God Emperor of Dune, The fourth installment in Frank Herbert’s epic saga, is one of the most bizarre mainstream Sci-Fi titles ever published. This book is so off the wall that it doesn’t really matter if I include spoilers or not.
Leto II Atreides is now over 3,000 years old. His long life has been facilitated by his becoming a colony organism, having absorbed the last surviving sandworms of Arrakis into himself. Now he waits for the final stage of his transformation into Shai-Hulud, the sandworm deity of the desert planet’s original inhabitants:
As Leto looked at Hwi standing in front of him, it helped not one whit to know he had no skull and that what once had been his brain was now a massive web of ganglia spread through his pre-worm flesh.
It’s completely loopy. When Leto gets angry, which happens more often than you would expect from someone who is 3,000 years old, he waddles across the floor and squishes his counsellors underneath his tubular body. There is little suspense as they disappear beneath his rolls of fat.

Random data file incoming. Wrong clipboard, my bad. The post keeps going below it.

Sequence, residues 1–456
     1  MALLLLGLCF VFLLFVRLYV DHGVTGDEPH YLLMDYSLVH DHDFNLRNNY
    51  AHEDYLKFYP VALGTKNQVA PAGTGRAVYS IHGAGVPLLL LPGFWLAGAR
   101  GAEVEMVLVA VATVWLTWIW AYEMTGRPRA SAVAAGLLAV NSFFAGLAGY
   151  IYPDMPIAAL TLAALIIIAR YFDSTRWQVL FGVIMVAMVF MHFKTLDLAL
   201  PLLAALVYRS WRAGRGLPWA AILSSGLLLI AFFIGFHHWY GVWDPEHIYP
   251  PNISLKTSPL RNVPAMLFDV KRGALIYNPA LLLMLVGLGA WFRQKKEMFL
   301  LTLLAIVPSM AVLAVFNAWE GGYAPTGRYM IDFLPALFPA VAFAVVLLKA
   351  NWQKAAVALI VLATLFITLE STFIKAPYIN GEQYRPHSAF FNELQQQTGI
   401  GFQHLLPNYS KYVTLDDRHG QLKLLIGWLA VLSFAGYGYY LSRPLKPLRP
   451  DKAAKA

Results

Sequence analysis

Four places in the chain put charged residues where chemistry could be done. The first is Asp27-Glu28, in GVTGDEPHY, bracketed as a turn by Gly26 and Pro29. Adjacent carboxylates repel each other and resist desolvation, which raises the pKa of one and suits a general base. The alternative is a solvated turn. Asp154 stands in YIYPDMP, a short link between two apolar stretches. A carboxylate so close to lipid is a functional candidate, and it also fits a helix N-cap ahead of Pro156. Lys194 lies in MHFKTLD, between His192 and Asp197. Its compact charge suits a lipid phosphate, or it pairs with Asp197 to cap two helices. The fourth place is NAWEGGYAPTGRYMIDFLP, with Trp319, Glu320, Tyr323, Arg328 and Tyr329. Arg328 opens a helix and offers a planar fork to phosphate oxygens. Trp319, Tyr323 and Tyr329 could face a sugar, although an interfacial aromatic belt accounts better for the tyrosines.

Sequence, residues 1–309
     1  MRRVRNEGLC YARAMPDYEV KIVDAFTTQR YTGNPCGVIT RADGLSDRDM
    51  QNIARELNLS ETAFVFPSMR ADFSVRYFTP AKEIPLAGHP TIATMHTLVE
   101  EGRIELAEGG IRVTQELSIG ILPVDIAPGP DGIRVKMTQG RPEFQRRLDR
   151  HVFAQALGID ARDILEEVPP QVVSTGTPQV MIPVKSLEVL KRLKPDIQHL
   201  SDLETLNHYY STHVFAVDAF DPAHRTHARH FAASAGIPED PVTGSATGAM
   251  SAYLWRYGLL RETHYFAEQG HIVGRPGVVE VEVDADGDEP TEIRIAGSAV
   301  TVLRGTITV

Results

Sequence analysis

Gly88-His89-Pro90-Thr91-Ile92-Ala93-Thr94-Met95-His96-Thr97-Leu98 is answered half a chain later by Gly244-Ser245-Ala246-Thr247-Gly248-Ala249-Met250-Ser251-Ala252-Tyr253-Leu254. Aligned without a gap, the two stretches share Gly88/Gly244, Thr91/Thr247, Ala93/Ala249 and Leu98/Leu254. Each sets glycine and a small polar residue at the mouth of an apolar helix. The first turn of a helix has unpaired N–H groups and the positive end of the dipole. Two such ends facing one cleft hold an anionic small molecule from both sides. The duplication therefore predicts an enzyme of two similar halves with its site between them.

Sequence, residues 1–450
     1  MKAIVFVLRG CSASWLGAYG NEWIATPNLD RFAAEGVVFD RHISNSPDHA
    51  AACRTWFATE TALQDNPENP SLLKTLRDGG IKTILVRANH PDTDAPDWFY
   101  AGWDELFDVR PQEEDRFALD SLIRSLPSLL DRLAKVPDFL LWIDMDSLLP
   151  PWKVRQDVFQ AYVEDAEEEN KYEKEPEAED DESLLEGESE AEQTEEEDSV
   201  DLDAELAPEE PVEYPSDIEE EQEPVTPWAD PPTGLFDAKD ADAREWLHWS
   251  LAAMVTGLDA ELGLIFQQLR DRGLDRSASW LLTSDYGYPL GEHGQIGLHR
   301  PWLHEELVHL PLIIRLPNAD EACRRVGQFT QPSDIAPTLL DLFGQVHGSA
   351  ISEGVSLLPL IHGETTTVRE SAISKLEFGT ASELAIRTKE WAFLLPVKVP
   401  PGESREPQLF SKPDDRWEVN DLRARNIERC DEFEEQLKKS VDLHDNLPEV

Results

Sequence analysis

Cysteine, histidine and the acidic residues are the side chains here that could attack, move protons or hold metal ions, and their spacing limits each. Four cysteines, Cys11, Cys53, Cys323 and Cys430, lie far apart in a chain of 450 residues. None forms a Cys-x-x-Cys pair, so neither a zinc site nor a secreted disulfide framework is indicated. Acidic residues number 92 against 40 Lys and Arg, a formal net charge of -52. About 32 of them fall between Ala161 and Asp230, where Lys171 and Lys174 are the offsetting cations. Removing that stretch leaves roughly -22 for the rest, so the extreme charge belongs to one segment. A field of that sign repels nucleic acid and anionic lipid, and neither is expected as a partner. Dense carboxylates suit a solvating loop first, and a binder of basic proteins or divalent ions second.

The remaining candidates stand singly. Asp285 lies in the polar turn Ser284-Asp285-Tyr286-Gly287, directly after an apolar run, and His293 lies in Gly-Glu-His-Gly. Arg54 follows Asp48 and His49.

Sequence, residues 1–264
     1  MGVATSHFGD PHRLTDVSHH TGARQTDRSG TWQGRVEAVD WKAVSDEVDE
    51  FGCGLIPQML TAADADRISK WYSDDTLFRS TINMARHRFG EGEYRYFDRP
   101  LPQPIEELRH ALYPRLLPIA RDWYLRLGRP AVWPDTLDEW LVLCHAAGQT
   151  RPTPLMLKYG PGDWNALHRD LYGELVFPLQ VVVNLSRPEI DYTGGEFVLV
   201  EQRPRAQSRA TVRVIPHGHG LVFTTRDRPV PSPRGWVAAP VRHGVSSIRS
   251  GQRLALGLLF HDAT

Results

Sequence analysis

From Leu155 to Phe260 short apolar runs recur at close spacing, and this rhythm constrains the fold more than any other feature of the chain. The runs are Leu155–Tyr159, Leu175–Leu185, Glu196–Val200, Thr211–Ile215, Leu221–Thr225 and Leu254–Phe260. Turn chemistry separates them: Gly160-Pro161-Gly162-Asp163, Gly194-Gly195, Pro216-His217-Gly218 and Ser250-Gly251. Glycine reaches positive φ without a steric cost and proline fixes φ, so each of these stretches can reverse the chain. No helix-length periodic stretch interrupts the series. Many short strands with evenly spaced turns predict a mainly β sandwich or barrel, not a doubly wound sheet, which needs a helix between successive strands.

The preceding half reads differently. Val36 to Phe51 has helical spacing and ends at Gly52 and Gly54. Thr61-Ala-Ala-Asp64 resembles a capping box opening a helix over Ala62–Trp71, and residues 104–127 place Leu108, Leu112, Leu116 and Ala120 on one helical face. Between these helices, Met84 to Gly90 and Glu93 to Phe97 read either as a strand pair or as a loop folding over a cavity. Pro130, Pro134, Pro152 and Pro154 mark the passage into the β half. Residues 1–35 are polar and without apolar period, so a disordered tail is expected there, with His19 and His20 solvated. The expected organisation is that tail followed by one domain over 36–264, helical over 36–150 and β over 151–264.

The rest of the time, Leto shuffles about underground spouting cod theories about history, sociology, and economics at his long-suffering servants (and readers). The thoughts of a giant worm are not particularly enthralling and my eyes glazed over repeatedly as he went off on another of his abstract rants about the origins of human society. Plato’s dialogues with Sophocles this is not.
There are moments of action in this instalment of the story, which still reveal flashes of Herbert’s storytelling expertise, but they are few and far between:
The D-wolves ran close behind Ulot, giant grey figures almost man-height at the shoulders. They leaped and whined in their eagerness, head lifted, eyes focused on the moon-betrayed figure of their quarry…
The D-wolves did not change pace. They were silver shadows which went flick-flick through the loud green smells of their forest. They knew they had won.
Herbert also continues to use his brave technique of foreshadowing, by beginning each chapter with a section from a later history or account of events. Usually this serves to build up the tension as we wait for these dramatic events to unfold, but here they can do little to save the narrative from its own self-absorbed excesses.
Poor old Leto squats, a giant worm and God Emperor of the universe, looking for a navel to gaze at, but alas that too has been subsumed into his vast inhuman mass.
Crazy. I can’t believe I finished it.